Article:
A diverse group of 14 scholars, including former Adrian College chaplain Christopher Momany, have crafted the first draft of a book about Christian abolitionist David Ingraham’s 1839-1841 journal that details his missionary work in Jamaica, and documents the living quarters of a captured slave ship, the Ulysses.
In 2015, the journal was discovered by former Adrian College technical services librarian Noelle Keller, and Momany was called in to see if he could identify its author. He and his associates concluded the manuscript, currently archived in Adrian College’s Shipman Library, is the work of Ingraham.
Momany and the scholars who studied the journal, the Dialogue on Race and Faith (DRF) team, will be traveling to Benin, West Africa, the homeland of those freed from the Ulysses, in November. Momany will represent the group and give a presentation about Ingraham’s journal during an International Symposium on Black Slavery from the 16th to 19th Century.
The DRF’s new book about the Ingraham journal is titled, “A Prophetic Past: Abolitionist Christians Modeling Racial Justice.”
The group expects the book to be published in late 2023 or early 2024.
“This is an international project, given life by a specific Adrian College tradition of love and justice,” Momany said. “We hope to see this effort as a springboard for more creative and affirming conversation about race in America.”
Momany said Ingraham was a protégé of Adrian College’s founder, Asa Mahan. The group of scholars believe the personal connection Ingraham had with Mahan led to the journal eventually being found on the campus of Adrian College, more than 150 years after it was written. Mahan was a pastor at the Second Congregational Church in Pittsford, N.Y., where Ingraham was a member.
Imagine the disgust and dismay Ingraham experienced as he examined and documented the quarters of the Portuguese brig, Ulysses, just after it had been captured by the British while sailing from what is now Benin, Africa to Cuba. The Ulysses was taken to Port Royal, Jamaica, where Ingraham was doing missionary work.
“When told that 556 slaves occupied but about 800-square feet and that their rooms were but 2’5” in the clear, it seemed almost impossible,” Ingraham wrote in his journal on Christmas Day in 1839 after touring the ship. “O where are the sympathies of Christians for the slave, and where are their exertions for their liberation? O it seems as if the church were asleep and Satan has the world following him… As I contemplate the awful suffering that these poor creatures must have endured during a passage of 50 days from the coast of Africa, my soul is in disbelief and I feel to exclaim, ‘How long, O Lord? How long shall these poor creatures be torn from their homes and made to endure so much for the avarice of men? O who can measure the guilt or sound the iniquity of this nefarious traffic and its twin sister slavery? O that I may pray often and with more faith for the oppressed.”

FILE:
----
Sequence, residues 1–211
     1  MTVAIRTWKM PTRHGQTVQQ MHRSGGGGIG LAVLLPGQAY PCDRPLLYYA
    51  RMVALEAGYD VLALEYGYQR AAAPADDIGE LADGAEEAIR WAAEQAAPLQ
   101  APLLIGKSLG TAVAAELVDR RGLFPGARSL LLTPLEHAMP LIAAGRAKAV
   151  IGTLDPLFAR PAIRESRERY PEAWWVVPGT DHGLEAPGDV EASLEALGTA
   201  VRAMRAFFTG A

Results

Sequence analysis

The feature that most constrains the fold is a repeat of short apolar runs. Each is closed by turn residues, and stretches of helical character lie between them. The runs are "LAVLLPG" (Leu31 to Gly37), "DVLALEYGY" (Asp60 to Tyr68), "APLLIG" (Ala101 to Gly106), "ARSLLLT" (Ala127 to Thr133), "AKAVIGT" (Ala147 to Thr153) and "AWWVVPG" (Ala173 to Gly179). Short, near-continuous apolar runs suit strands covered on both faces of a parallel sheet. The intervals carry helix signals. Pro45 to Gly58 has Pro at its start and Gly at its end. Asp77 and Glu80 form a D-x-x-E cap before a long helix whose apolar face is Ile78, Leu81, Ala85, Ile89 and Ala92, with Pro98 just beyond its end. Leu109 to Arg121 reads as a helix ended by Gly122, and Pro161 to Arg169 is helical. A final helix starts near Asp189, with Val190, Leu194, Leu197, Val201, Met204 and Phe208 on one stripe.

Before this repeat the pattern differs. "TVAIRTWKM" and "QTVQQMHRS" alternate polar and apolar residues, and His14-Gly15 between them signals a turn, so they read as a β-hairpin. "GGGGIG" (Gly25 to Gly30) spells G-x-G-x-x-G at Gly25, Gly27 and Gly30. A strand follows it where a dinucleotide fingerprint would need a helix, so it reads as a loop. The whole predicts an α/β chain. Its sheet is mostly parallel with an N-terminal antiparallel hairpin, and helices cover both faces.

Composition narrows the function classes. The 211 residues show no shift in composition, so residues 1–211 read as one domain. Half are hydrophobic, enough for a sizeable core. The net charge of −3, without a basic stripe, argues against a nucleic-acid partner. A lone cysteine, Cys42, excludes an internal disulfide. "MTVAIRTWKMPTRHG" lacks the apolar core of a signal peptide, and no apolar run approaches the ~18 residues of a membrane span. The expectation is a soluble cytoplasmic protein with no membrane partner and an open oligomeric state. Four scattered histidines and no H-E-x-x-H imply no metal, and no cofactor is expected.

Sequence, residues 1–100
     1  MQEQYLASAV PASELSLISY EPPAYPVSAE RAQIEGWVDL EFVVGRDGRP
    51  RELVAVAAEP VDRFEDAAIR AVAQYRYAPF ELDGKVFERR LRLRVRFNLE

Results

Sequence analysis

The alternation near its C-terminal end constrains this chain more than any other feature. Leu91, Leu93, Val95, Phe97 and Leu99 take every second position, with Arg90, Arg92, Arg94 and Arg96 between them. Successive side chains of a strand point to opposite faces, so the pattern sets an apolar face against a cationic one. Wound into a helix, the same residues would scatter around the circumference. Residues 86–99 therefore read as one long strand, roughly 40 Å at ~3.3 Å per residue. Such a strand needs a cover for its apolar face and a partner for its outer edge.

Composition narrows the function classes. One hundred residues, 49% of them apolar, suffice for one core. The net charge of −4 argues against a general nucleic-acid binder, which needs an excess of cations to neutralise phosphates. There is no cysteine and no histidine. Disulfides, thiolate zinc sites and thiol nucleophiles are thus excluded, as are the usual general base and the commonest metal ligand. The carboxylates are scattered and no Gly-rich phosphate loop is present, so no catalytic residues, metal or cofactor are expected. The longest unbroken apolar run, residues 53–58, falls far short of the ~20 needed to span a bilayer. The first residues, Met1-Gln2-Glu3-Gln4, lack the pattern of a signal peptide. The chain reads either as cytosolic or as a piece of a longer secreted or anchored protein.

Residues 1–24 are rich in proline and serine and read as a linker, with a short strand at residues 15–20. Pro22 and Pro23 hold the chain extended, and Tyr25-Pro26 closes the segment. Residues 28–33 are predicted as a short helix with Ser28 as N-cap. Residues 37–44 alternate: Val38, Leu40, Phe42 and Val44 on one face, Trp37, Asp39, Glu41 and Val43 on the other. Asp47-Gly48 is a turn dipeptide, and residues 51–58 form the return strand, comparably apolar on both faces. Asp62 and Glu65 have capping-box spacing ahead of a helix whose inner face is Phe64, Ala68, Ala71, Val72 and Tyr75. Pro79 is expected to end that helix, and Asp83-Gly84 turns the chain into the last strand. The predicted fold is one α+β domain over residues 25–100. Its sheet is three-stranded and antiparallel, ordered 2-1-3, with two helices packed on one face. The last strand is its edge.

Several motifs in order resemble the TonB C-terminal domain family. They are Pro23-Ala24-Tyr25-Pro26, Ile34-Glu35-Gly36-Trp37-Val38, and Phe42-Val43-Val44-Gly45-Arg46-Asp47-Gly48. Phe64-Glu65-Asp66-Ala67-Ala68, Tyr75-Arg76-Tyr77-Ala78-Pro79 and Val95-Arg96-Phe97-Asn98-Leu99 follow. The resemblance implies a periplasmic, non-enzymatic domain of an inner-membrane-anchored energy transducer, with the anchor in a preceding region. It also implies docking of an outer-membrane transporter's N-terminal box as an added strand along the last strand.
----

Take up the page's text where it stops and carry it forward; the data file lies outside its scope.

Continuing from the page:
Four compartments were reserved for the slaves. As Ingraham notes in his journal, the rooms were only 2’5” high. At the bow of the ship was a room measuring 15’x12’ for 93 enslaved boys, while the section next door held 216 men in a 32’x’18’ space. Adjacent to the men were the women’s quarters, where 107 were confined in a 20’x20’ area. One-hundred and seventeen young girls were locked in the stern, in a room measuring 16’x’14.’
Ingraham describes the living quarters as being “nearly ankle-deep in filth.”
Twenty-three of the captives died during the journey crossing the Atlantic.
Ingraham’s journal has 100 pages of writing, beginning July 14, 1839. It includes passages detailing his newborn son dying soon after birth, his travels on horseback to preach the word of God, and tales of comforting strangers and friends on their deathbeds.
He also writes of not being able to shake an illness. On November 26, 1839 he wrote, “My health is at present quite poor. I have had a cold on my lungs for nearly three months also cough and often pain in the side… I hope I am not doing violence to my health and life in what I am now doing for it does seem absolutely necessary that things should be kept moving or much evil will result.”
Ingraham traveled back to America for a few months to improve his health, and on his return trip to Jamaica describes one of several disturbing incidents he witnessed at sea, “I am sorry and feel greatly pained to say that the poor sailors — sons [of] Africa, have been severely treated. Three of them have been severely beaten with large ropes for what I should call a very small offence — if offence at all. My heart yearned for them, and I felt to my very soul every stroke laid upon them or rough word spoken to them. They seem to suffer because they are black rather than for any other reason.”
The journal abruptly ends on March 14, 1841. On that day Ingraham writes, “I have felt of late that it would be our duty to return to America this spring as we are doing no good here or very little, and as there is no prospect of my recovery at present so as to teach or preach, and in fact my recovery seems almost impossible in my present situation of care and responsibility, and in my precarious state I feel it duty to place if possible my family among their kindred and friends so that in case I leave them they will not be alone or friendless.”
Ingraham died on August 1, 1841 of lung disease [tuberculosis] two years after documenting the slave ship.
Ingraham’s journal has been professionally preserved, and digitally scanned. It can be seen online at http://adrian.edu/library/theses/ingram_diary.pdf. Funding for research on the manuscript has been provided by Seattle Pacific University and the M. J. Murdock Charitable Trust.